Tag Archives: airplane engine

The Radial Engine: There’s No Beating a Classic

When it comes to airplane engines, radial engines are the true classic

radial aircraft enginesEver since Louis Bleriot crossed the English Channel in 1909, the radial engine has been an integral part of modern aviation.   Their simple yet powerful design has been improved upon throughout the 1900’s, but the basic principles behind the airplane engine have remained constant. Pratt and Whitney R-985 and R-1340 radial engines were designed starting in the 1920’s, and have withstood the test of time.  Many of these radial engines are still in use today, thanks to companies like ours who are able to perform the overhaul and maintenance required for these masterpieces.

The R-1340 radial engine was Pratt and Whitney’s first foray into airplane engines, and approximately 35,000 engines were produced.  The next engine to be mass-produced was the R-985.  This engine was manufactured from the 1930’s to the 1950’s, and over 39,000 of them were made

Radial engines played a major part in the First World War, outlasting and outperforming rotary engines over time.  The R-985 and R-1340 engines became the standard aircraft engine for World War II, powering airplanes used in basic training as well as military versions of civil aircraft.  After the war, R-985 engines were used in various smaller civil and military airplanes, including utility aircraft, small transports and agricultural aircraft.  Their simple design and reliability made them popular among airplane enthusiasts around the country.

Ford Trimotor, powered by 3 Pratt & Whitney R-985 Radial Engines loaded up for the first flight of the day, following quite a downpour. At least with the rains comes the benefit of the reflections of Lake Lyon. Via @markRFoster

Today, you’ll find most R-985 and R-1340 engines in bush planes and agricultural aircraft, as well as on WarBirds.  Parts for these engines are still available on the market, but repair and overhaul of R-985 and R-1340 radial engines requires a skilled technician.  As a certified FAA Repair Station, our Radial Engine Division is the largest R-985 and R-1340 overhaul facility in the world, and we pride ourselves on being true artisans when it comes to overhaul and maintenance of radial engines.

So, if you’ve got a plane with one of these engineering marvels, be sure to entrust its maintenance to a facility that specializes in the radial engine.  They can keep your engine running for years to come.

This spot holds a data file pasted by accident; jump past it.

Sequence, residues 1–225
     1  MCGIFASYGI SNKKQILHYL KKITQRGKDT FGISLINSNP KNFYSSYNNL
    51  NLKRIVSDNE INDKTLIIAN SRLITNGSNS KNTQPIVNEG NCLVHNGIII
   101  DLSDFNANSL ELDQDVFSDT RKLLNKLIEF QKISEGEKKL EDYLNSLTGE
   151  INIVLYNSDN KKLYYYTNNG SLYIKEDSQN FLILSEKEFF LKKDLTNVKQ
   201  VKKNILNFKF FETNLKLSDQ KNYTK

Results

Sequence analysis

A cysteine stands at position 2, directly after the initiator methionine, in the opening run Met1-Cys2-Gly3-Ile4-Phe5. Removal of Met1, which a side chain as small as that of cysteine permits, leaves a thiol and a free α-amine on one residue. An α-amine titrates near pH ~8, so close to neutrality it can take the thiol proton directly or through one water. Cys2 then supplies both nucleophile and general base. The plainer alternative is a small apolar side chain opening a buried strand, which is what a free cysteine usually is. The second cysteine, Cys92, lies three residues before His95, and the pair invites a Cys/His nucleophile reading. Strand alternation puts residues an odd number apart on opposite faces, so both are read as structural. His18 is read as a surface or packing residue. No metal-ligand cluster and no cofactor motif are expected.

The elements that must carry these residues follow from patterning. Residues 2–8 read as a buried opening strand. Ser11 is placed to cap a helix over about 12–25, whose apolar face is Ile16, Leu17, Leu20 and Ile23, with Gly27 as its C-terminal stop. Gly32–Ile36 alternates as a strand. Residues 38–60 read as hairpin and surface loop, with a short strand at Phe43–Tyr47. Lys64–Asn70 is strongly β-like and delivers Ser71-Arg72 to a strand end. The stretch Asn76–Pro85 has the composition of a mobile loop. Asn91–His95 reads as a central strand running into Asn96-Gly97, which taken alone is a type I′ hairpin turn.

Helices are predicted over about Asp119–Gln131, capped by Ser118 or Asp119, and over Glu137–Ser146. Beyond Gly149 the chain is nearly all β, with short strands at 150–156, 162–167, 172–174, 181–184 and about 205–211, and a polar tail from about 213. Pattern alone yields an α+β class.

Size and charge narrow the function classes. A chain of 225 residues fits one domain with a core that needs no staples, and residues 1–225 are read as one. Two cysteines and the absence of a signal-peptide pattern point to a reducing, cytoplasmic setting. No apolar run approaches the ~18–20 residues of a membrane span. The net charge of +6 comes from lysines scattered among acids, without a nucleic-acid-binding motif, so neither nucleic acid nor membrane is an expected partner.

Turbine Engines Education Series – Types of Turbine Engines

Turbine engines are classified according to whether the compressor is centrifugal flow, axial flow or a combination of both centrifugal and axial.  The type of engine is further classified by the path the air takes through the engine and how power is produced.  There are four different types of turbine engines – turbojet, turboprop, turbofan and turboshaft.



A turbojet engine was first developed in Germany and England prior to World War II and is the simplest of all jet engines.  The four sections of a turbojet engine are the compressor, combustion chamber, turbine section and exhaust.  The compressor passes air at a high rate of speed to the combustion chamber which contains the fuel inlet and igniter.  Expanding air drives the turbine and accelerated exhaust gases provide thrust.  These engines are limited on range and endurance and today are mostly used in military aviation.  They are known for being slow to respond to throttle applications at slow compressor speeds.



Between 1939 and 1942, a Hungarian designer, Gyorgy Jendrassik designed the first turboprop engine.  However, the design was not implemented into an actual aircraft until Rolls Royce converted a Derwint II into the RB50 Trent which flew on September 20, 1945 as the first turboprop jet engine.  A turboprop engine drives a propeller through a reduction gear, allowing optimum propeller performance to be achieved at much slower speeds than the operating RPM.  With their ability to perform well at slow airspeeds and fuel efficiency, turboprop engines are often used in small, commuter aircraft and agricultural applications due to their greater reliability offsetting their higher initial cost.  One of the most reliable turboprop engines is the Pratt & Whitney PT6A.



Turbofan jet engines were designed to merge the best features of the turbojet and turboprop.  By diverting a secondary airflow around the combustion chamber, additional thrust was created.  Two separate streams of air pass through a turbofan engine.  One passes through the engine core while the second bypasses the core.  The Gloster E28/39 which flew for the first time on May 15, 1941 was one of the first times a turbofan engine was used for military or commercial aircraft.



The fourth type of jet engine is known as the turboshaft.  Most of the energy produced by the expanding gases drives a shaft connected to a turbine through a single stage of reduction gearing rather than producing jet thrust.  Turboshaft engines are predominantly used by helicopters.  The first turboshaft engine was built by the French firm, Turbomeca in 1949.

Turbine engines have several advantages over reciprocating engines, including less vibration, increased aircraft performance and reliability.  In addition, each type of turbine engine has its own advantages and disadvantages. For more information about the types of turbine engines, visit www.covingtonaircraft.com.